Thorn on the Authority of Scripture

“Today in our Western individualistic culture, we tend to bristle at the idea of authority, unless it is our own. Most of us say we like freedom, but what we really want is radical autonomy—a life lived independently from the authority of another. We want to live life our way and for our own purposes. And when it comes to spirituality, most prefer anarchy to order and creativity to confession. But the Bible, as the Word of God, rightly claims a position of authority in the life of the church. As Christians, we may be quick to say that God is our authority, but we must say more than that. If we say that the Lord is our God, then we must also say that His Word is authoritative in the church and in our own lives.”

Joe Thorn in The Character of the Church

Vanderstelt on Salvation

“We are not saved just once in our past. We continue being saved in the present. God’s salvation didn’t just happen to us. It is also continuing to happen. He is actively saving us. The gospel is good news for our sanctification— the ongoing work of God saving us and conforming us daily into the image of Christ. Our activity in this process is ongoing repentance from unbelief to belief in the gospel.”

Jeff Vanderstelt in Gospel Fluency

Newbell on Enjoying God

“Sometimes God lets us come to the end of ourselves in order for us to enjoy more of him. That makes sense to me. When there’s nowhere else to run, we can run to our Savior. As we look to what it means to enjoy God, we are, in many ways, also losing ourselves. We gain something far greater when we are most concerned and obsessed with the One we’ll be concerned and obsessed with for all eternity.”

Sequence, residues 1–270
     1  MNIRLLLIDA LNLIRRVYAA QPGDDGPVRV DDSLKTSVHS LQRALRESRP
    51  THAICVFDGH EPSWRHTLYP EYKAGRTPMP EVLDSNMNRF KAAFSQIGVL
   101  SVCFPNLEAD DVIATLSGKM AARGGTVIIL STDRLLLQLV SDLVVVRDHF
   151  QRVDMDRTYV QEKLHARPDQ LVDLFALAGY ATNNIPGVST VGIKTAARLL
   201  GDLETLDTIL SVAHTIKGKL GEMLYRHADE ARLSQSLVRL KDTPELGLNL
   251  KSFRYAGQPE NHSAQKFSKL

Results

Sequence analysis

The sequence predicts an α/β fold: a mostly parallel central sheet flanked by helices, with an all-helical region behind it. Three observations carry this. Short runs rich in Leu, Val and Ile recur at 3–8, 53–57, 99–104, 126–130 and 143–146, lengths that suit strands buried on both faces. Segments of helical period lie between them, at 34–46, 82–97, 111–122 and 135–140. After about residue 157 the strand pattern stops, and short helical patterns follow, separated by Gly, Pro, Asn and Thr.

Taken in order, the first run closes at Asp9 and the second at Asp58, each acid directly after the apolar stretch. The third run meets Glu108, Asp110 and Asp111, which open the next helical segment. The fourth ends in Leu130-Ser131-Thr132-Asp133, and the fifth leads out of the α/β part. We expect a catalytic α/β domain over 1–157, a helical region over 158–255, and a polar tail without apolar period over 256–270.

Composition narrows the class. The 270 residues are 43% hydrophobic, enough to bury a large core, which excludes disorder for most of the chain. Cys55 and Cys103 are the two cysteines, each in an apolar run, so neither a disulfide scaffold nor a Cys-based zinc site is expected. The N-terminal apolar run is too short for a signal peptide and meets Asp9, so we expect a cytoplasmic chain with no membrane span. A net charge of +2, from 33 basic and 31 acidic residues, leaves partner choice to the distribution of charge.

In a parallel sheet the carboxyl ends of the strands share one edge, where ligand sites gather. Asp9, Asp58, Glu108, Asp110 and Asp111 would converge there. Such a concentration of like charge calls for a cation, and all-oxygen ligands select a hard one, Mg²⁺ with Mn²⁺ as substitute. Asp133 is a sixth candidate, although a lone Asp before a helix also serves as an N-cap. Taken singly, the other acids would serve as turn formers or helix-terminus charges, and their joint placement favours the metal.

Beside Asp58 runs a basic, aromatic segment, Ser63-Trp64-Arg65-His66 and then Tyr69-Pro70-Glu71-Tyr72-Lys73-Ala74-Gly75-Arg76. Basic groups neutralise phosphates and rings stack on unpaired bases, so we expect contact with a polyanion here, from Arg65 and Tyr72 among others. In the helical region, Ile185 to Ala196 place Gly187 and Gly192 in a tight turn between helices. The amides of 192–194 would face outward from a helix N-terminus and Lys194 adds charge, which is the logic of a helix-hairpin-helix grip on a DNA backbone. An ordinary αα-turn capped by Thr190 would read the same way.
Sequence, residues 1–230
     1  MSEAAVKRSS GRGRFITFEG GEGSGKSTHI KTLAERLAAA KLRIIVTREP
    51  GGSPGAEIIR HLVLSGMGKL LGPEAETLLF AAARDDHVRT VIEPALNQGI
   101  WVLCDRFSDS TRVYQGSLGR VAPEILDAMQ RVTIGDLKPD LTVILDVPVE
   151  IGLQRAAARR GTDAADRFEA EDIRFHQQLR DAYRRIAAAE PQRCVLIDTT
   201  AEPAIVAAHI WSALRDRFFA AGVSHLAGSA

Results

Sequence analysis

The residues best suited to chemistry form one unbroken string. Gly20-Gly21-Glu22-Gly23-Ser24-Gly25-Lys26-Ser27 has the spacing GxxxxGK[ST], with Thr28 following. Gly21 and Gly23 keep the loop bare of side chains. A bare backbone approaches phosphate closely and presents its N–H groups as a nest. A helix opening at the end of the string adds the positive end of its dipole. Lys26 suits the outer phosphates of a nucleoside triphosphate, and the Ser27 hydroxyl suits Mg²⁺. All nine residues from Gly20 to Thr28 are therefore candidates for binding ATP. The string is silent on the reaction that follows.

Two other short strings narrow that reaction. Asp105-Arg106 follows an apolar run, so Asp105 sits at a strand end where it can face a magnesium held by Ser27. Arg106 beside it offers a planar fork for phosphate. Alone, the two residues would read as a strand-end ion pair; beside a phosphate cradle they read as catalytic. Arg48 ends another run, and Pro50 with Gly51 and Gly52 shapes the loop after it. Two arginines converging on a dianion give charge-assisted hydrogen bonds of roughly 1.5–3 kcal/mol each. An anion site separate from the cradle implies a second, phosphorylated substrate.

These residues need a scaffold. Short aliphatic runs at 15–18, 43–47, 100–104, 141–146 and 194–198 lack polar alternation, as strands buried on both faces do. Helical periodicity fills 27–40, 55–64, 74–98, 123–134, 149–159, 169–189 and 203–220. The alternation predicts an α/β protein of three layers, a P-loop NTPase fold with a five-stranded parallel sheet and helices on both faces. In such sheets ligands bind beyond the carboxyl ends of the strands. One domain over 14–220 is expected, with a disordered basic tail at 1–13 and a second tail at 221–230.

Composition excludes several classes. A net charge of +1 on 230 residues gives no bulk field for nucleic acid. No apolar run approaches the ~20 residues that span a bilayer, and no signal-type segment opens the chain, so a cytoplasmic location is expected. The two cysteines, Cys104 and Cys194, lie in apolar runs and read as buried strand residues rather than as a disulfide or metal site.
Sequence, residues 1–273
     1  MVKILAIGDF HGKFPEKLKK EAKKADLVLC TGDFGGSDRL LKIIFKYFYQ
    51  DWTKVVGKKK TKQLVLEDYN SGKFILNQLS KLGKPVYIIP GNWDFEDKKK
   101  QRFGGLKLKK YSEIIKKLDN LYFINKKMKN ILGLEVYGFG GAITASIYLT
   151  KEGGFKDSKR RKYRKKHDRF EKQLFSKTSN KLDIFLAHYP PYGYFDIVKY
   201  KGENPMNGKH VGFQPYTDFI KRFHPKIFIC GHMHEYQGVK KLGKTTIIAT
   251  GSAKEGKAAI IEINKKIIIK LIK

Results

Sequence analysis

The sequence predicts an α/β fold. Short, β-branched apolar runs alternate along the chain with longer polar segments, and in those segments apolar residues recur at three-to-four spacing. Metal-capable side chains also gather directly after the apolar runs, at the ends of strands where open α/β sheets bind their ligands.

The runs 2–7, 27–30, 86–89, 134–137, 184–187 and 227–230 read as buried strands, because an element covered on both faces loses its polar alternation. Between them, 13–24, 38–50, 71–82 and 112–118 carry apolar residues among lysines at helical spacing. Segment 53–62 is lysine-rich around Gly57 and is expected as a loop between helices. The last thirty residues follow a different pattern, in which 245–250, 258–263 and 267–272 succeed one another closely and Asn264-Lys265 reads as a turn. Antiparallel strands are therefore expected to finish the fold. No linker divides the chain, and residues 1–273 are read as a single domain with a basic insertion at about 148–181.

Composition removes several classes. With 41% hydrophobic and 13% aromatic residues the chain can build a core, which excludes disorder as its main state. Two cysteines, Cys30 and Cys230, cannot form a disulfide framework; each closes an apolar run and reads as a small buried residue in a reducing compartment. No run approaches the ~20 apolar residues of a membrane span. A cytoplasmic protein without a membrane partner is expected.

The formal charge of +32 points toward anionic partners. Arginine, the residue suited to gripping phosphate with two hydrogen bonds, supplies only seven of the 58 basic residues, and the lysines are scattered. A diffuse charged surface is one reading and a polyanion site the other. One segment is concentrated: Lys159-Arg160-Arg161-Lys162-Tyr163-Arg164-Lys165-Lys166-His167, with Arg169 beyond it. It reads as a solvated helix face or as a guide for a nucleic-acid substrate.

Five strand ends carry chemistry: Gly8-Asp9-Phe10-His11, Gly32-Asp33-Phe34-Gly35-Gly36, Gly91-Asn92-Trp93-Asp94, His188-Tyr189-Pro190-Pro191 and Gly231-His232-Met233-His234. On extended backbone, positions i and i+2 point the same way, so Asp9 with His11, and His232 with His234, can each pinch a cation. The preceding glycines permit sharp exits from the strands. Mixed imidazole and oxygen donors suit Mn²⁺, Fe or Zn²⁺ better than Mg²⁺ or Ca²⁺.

Trillia Newbell in Enjoy

Hyde on Worship

“But worship is not about us and our particular tastes and preferences. It is about God. He taught His people this truth in the construction of the tabernacle. All this means that we cannot evaluate worship by the standards of the world. We crave entertainment. We have our Facebook pages, our Twitter accounts, our iPods full of our favorite songs, our favorite radio stations on presets in our cars, our email, which we access via our iPhones and Blackberrys, and so on. But God is not a commodity; He is not something to entertain us. He is not just another thing in a long line of things. He says the whole Lord’s Day is His day, and especially when we step into worship, He says, ‘Mine.'”

Daniel Hyde in God in Our Midst

Chapell on Real Change

“Real change—real power over seemingly intractable patterns of sin and selfishness—comes when Christ becomes our preeminent love. When that happens, all that pleases and honors him becomes the source of our deepest pleasure, highest aim, and greatest effort. We honor him not merely out of duty and resolve—or to keep our distance from an angry God—but because our greatest delight is pleasing the One we love the most.”

Bryan Chapell in Unlimited Grace

Tripp on Freedom in Parenting

“It really is the completeness of the work of Jesus for us that frees us from coming to our parenting task needy, exhausted, and discouraged, asking our children to give us what they will never ever be able to give. The question of the moment is, Are you experiencing that wonderful freedom as a parent?”

Paul Tripp in Parenting

Tripp on Inability in Parenting

“Inability doesn’t mean that God has made a massive mistake by giving you children, that somehow he’s gotten the wrong address and your children would be better off elsewhere. Rather than your inability being in the way of God’s plan, it is part of his plan. He knows that parents who admit that they are inadequate and run to God make the best parents. You see, he doesn’t ask you to be able; he asks you to be willing. If you are willing, he will meet you in your weakness and change you, and as he changes you, he will work good things through you into the hearts and lives of your children.”

Paul Tripp in Parenting